Even without any action at all, it was pretty incredible. It felt exciting. I was excited. Go niners.
Here's more of what I saw.
"And YOU get a WiFi access point! And YOU get a WiFi access point!" These boxes are inconspicuously placed under about 600 seats in the stadium's bowl, making proximity to one a given, which should take care of all your WiFi needs:
The master control room is where footage from the different on-site cameras is cut and programmed onto the big screens and internal broadcasts. Monitors have corresponding touchscreens and there is so much going on—even on this, a day with very little happening on-site—that I can't imagine how nuts it gets when a game's in play. Highlights and clips can also be fed from here to the team running the app for the small-screen (aka smartphone) experience. This room has its own small data center directly adjacent, but the main data center is separate.
Men at work:
This 4K-capable camera is one of the seven used at the stadium, in addition to five POV cameras capturing footage:
And here's that data center. It was buzzing with a consistent hum and whirr, filled with rows of cabinets and fans keeping all this equipment cool:
Rows of cabinets full of lots and lots and lots of very neatly organized wires:
A view from an exterior walkway on the west side of the stadium shows the practice field and training center below:
And here's to 200-foot-wide screen where the magic made in the control room will be beamed to fans. Speakers for the venue are hidden behind the left half, which is responsible for sending sound across almost the entire bowl and, ultimately, towards the less-residential surrounding area (some sonic dead zones, like directly to the right and left, and below, are filled in with smaller speakers).
Generally the speaker side would be covered by a scrim emblazoned with a sponsor's name, but by lengthening the screen, ads can be shown next to clips from the game, or a wider shot can take up the whole space:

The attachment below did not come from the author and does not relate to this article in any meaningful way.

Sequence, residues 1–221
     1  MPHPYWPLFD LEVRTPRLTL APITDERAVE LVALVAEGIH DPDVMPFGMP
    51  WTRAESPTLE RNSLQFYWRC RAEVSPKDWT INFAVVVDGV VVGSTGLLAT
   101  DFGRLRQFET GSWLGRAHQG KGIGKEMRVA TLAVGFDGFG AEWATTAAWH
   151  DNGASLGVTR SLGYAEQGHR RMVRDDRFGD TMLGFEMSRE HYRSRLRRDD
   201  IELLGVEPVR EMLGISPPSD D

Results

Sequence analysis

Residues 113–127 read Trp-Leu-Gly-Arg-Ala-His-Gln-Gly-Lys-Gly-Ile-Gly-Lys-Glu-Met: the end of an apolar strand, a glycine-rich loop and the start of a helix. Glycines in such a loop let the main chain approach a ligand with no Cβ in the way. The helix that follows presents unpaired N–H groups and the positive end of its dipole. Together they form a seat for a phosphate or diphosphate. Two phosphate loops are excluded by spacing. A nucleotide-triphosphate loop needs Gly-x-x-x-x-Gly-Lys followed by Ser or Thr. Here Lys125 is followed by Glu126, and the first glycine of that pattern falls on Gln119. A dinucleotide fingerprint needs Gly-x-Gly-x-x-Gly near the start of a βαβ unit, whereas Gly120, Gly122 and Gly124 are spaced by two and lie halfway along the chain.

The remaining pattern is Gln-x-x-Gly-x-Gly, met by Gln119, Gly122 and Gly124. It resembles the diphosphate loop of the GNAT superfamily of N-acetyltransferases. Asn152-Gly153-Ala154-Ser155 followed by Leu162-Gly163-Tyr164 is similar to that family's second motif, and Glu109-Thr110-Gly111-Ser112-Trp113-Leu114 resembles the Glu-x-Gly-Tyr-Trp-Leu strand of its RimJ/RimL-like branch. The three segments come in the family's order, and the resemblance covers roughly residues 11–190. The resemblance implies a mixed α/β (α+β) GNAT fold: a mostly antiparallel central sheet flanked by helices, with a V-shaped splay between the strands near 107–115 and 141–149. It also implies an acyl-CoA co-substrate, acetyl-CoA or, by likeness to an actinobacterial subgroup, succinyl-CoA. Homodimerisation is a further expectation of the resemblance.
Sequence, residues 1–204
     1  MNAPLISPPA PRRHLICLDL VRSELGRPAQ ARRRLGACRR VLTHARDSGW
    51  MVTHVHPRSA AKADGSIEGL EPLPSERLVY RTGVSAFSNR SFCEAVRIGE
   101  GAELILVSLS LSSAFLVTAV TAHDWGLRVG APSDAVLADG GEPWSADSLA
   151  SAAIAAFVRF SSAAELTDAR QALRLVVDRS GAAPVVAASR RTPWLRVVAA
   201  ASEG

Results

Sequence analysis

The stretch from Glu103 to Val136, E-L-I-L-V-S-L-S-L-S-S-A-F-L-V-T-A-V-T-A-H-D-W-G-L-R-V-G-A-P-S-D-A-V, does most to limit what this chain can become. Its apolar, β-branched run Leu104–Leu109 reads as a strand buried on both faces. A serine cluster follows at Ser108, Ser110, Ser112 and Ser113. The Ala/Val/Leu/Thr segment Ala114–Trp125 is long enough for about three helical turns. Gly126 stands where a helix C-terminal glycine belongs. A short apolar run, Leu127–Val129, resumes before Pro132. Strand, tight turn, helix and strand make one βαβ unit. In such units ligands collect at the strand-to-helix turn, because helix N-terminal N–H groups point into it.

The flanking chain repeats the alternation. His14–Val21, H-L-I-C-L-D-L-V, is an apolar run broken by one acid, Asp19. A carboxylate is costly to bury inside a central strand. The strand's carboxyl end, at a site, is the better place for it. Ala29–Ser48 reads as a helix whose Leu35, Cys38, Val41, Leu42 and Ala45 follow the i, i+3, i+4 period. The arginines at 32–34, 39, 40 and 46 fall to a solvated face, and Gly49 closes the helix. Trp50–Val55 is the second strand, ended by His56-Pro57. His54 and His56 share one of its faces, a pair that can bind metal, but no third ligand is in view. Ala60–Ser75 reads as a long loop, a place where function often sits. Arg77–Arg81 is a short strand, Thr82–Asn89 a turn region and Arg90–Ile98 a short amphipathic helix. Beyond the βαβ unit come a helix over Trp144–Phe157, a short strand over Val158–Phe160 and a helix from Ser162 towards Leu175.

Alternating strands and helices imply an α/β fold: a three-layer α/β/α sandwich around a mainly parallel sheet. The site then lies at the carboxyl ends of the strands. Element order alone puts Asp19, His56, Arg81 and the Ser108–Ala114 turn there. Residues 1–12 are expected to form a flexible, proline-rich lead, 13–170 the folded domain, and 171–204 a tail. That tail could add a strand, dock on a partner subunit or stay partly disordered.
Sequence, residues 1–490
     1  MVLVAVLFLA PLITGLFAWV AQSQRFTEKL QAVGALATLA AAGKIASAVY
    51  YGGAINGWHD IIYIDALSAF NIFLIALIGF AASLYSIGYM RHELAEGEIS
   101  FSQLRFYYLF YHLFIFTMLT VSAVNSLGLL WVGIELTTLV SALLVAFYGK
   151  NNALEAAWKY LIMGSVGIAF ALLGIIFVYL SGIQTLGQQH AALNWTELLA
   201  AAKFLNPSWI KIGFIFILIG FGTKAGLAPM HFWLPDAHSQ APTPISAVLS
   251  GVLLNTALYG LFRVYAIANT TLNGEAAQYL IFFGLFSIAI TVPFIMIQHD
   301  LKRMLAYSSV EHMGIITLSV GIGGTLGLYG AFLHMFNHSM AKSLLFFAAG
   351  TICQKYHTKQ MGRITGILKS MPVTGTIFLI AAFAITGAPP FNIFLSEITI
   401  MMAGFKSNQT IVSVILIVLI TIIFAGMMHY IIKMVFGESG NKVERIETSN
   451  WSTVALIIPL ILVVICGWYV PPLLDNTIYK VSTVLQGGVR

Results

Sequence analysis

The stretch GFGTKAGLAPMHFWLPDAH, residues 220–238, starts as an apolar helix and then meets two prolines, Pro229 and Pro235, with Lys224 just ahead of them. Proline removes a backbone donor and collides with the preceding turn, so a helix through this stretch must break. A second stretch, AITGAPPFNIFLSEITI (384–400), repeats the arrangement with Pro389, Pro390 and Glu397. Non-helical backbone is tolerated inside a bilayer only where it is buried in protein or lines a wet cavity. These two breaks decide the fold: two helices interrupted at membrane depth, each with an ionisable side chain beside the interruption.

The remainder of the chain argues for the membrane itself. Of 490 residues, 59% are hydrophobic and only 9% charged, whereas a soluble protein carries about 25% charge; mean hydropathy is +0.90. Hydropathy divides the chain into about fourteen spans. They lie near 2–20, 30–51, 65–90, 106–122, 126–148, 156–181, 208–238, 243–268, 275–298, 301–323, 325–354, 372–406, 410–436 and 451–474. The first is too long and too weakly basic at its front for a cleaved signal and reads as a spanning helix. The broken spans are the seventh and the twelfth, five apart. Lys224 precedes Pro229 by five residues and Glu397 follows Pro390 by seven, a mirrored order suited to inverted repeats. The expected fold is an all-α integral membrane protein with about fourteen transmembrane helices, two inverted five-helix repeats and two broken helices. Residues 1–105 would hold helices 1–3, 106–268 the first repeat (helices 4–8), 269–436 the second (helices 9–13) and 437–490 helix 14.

A 27,000-square-foot green roofs tops the west side of the stadium, sod with 16 different varieties of native, draught-resistant plants. Its only open to fans on tours, so you couldn't really watch a game from up here, which is a shame:
Another view of the green roof:
Turn around from that shot above and you'll see the rows of 49 banks of solar panels:
Down below, a view of one of three solar-powered pedestrian bridges that leads to an empty parking lot that will soon be a sea of cars:
The bank of big lights on the green roof were made by a company called Musco out of Iowa, that specializes in sports and stadium fixtures:
Back inside, all kinds of art lines most of the halls. I liked this painting by Tom Mosser: "The Niners Take on Johnny Unitas at Kezar":
Tough not to feel wowed by the whole thing from this angle on the ground level:
The on-site museum and Hall of Fame are open to visitors daily. "The Catch" at Candlestick is one of the franchise's finest moments, immortalized here by Brooklyn-based Studio Eis in a resin sculpture with a steel skeleton that apparently took 400 hours to make:
The museum is also home to a STEM education classroom, which will offer some 20,000 students day-long interactive workshops throughout the year:
See ya next time, JeanHole.